2005 marks the 20th anniversary of the forming of the Louisville Genealogical Society. Following are articles from the 5th and the 10th anniversaries of the organization.
July 1990 marks the fifth anniversary of the Louisville Genealogical Society. We have passed the "toddler" stage and we continue to be an active, vibrant group. We hope that each of you will enjoy a trip down memory lane as you read the following article by our first president, Shirley Green Dillon. Our Society can function only when each member takes an active part. It takes the contribution of each person for any organization to vigorously grow. Plan on being an active participant as we start on our next five or fifty years.
Our Society can function only when each member takes an active part. It takes the contribution of each person for any organization to vigorously grow. Plan on being an active participant as we start on our next five or fifty years.
Shirley Green Dillon
The sixteen members attending the very first meeting 2 July 1985 were, in addition to Mrs. Hamm, Pearl Logsdon Blackwell, Clarence Smith Cambron, Ann Cowan, Catherine Weeter Crispy, Ruth Buchanan Dail, Hattie Draper Duling, Kathryn Dawson Eddy, Ruth French, Louise Reynolds Harrison, John F. Langley, Audra Sprigg Martin, Katherine Deeb Morgan, Inga Rhea Schuway, William F. Sheehan and Rowdy Whittaker.
This list differs considerably from that of the roll of the Genealogy III class, actually the basis for the club. Those on that list, who did not attend the first meeting 2 July, are: Arnold Raymond Blair, Doris Settle Bush, Carl Cassidy, Shirley Green Dillon, Ann York Franklin, Emily Robertson Graves, Lynn Hullette Harding, Marshall Edwin Swan, Philip Albert Wagner, Jr. and Nancy White Walters.
After two weeks, membership had grown to fifty-eight. We tried at first to meet every week, continuing the habit of weekly classes. Even such eager beavers as we were realized that was too much of a good thing, and after a few weeks decided to meet twice a month, as we still do. We had speakers at every meeting, but by early 1986 changed that so that we have a speaker every second Tuesday, and a workshop session the fourth Tuesday. That format has worked out well.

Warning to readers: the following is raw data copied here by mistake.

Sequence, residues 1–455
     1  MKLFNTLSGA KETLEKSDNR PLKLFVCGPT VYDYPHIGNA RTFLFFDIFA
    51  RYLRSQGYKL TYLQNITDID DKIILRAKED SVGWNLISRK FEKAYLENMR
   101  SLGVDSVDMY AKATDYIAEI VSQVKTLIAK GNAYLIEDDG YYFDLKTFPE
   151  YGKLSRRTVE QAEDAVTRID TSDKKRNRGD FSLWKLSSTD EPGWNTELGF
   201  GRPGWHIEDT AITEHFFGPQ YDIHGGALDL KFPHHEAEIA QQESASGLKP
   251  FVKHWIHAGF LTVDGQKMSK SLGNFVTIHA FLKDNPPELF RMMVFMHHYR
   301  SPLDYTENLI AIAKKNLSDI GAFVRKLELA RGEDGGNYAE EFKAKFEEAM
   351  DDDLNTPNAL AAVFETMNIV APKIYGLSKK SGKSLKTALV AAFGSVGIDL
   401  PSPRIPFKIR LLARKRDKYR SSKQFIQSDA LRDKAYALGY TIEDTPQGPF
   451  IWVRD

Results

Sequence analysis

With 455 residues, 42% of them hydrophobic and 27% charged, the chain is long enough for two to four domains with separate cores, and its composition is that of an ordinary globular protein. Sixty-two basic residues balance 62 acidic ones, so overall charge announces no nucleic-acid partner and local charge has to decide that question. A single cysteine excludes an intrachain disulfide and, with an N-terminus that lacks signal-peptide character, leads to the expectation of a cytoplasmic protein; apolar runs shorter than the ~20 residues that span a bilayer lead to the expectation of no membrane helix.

We were able to get together a set of officers to see us through 1985. They were president, Shirley Dillon; first vice-president, Doris Bush; second vice-president and program chairman, Rosemary Woodson; recording secretary, Dorothy Stone Reeves; and treasurer, Pearl Blackwell. The chairmen were membership, Catherine Crispy; librarian, editor, and genealogical records, Ann Franklin; publicity, Clarence Cambron and Inga Schway; parliamentarian, William J. Linton; telephone, Charlene McDevitt; and Board of Directors, Jane Hamm, Katherine Eddy, Carl Cassidy, Lynn Harding, and John Langley.
We spent a lot of time the first few months deciding on the name, Louisville Genealogical Society; and selecting a logo. The one chosen was designed by the daughter of Lynn Harding. We talked about a quarterly publication and about field trips of which we made a lot. We got along with a contribution of $1.00 per member, but settled on $10.00 per year regular dues beginning in 1986. It was also decided that we would have only one meeting in November and one in December because of the holidays.
Speakers for these meetings included Alberta Brock Baker, Kevin Carman, Nettie Watson (now Oliver), Col. Robert Jobson of the SAR, and David Horvoth of U. of L. Photographic Archives. Nettie Oliver has come back repeatedly to keep us posted on new materials at the Filson Club.
Our December meeting that year (1985) featured exhibits of projects of various members, and refreshments. In October a group attended the annual meeting of the Kentucky Historical Convention in Danville. Already there was a discussion about putting the 1850 census of Louisville and Jefferson County into book form. We also spent a lot of effort trying to interest the Courier-Journal in publishing a genealogical column. We still have hopes for some kind of publicity.
In November we elected a full set of officers for the coming year. That list, plus those of the officers for all other years, are listed at the end of this article. Committee chairmen were elected until 1990, when they were appointed by the president with suggestions from the board.
1986 was a year of great progress. We went to several out-of-town meetings, including one in April to Bardstown featuring Dr. George Schweitzer as speaker; adopted a constitution and by-laws; saw the publication of the first issue of our quarterly, LINES-AND-BY-LINES; went on the first of our annual week-long genealogical research trips, this one to Salt Lake City; and purchased tote bags displaying our logo. The work of putting the 1850 census was begun; little did we think that after five years, it still isn't finished! At first we used the 1850 census microfilm at the library of the Church of Jesus Christ of Latter Day Saints on Hurstbourne Lane.